WASHINGTON, Oct. 11 -- Finance chiefs from the G-20 economies started their second day of talks Friday in Washington, with their joint statement after the two-day meeting expected to call for the U.S. central bank's clarification of policy stance at the time of anticipated monetary easing unwinding.
The statement is likely to also highlight a need for member countries to coordinate actions for a sustainable growth of their respective economies as the U.S. Federal Reserve's scaling down of its quantitative easing could cause investors to start flocking out of emerging economies, conference sources said.
Global repercussions of the U.S. debt ceiling impasse, which has overshadowed the meeting, may also be referred to in the communique as potential threats to global financial system stability by the financial chiefs from the leading economies that include top holders of U.S. Treasuries, they said.
The finance ministers and central bank governors from the G-20 economies gathered as U.S. President Barack Obama and leading Republicans showed signs of avoiding an unprecedented default in the world's largest economy.
The U.S. government partially shut down after the divided Congress failed to pass a budget by the Oct. 1 start of fiscal 2014. The legislature has also failed to agree to raise the limit on the amount the government can borrow beyond Oct. 17.
John Boehner, speaker of the Republican-dominated House of Representatives, proposed increasing the limit of government borrowing for six weeks so the government will be able to pay bills.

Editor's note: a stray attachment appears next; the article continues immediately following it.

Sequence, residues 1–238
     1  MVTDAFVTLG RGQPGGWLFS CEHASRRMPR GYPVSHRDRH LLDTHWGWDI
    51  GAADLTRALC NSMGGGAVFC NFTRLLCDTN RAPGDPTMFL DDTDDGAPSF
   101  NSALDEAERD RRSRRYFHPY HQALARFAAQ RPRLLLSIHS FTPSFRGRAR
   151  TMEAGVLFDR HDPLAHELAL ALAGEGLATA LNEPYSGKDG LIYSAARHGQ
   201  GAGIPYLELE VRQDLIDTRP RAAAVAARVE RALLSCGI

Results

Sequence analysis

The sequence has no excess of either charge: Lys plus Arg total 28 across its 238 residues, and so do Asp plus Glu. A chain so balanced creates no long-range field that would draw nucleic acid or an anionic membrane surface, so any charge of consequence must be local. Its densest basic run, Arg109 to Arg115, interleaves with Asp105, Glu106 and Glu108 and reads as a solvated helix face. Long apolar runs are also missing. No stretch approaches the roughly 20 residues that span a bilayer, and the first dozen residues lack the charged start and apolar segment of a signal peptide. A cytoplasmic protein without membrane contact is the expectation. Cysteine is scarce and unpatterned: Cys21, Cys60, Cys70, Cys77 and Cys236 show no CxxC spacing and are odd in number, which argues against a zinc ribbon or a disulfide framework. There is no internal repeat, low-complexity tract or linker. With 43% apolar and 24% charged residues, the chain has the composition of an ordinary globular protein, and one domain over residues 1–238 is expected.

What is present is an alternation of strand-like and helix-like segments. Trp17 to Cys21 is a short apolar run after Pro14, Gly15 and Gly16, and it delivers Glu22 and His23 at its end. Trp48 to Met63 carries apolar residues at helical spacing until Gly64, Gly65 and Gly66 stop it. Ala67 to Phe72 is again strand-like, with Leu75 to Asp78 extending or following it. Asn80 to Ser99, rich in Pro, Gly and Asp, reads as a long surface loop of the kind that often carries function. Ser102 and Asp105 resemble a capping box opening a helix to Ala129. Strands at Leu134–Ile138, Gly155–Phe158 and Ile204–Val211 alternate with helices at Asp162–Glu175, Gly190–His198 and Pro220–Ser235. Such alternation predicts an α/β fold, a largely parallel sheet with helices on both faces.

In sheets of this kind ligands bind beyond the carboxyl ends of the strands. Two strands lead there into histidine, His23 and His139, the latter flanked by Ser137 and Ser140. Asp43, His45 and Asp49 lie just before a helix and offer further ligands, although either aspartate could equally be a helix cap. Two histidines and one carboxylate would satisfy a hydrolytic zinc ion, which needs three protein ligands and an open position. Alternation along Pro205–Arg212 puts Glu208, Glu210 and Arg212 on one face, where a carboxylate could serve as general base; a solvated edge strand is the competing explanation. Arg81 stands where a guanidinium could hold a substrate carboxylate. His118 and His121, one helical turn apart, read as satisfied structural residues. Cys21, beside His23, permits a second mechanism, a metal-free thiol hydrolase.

Obama, Boehner and other Republican leaders failed to strike a deal on the proposal but will keep dialogue Friday.
During the first-day session, Japanese Finance Minister Taro Aso called on the United States to settle the debt ceiling problem without delay.
Many other participants shared similar concerns about the U.S. fiscal impasse, Aso suggested.
The G-20 meeting came as the financial markets are closely watching when the U.S. Federal Reserve decides to taper its quantitative easing through an asset purchase program.
Emerging economies are concerned that the Fed's scaling down of the asset buying program could trigger further capital outflows from their countries and thwart their growth.
The G-20 groups Argentina, Australia, Brazil, Britain, Canada, China, France, Germany, India, Indonesia, Italy, Japan, Mexico, Russia, Saudi Arabia, South Africa, South Korea, Turkey, the United States and the European Union.
(c) 2013 Kyodo News International, Inc.
Original headline: G-20 finance chiefs begin 2nd-day session, focus on U.S. prospects
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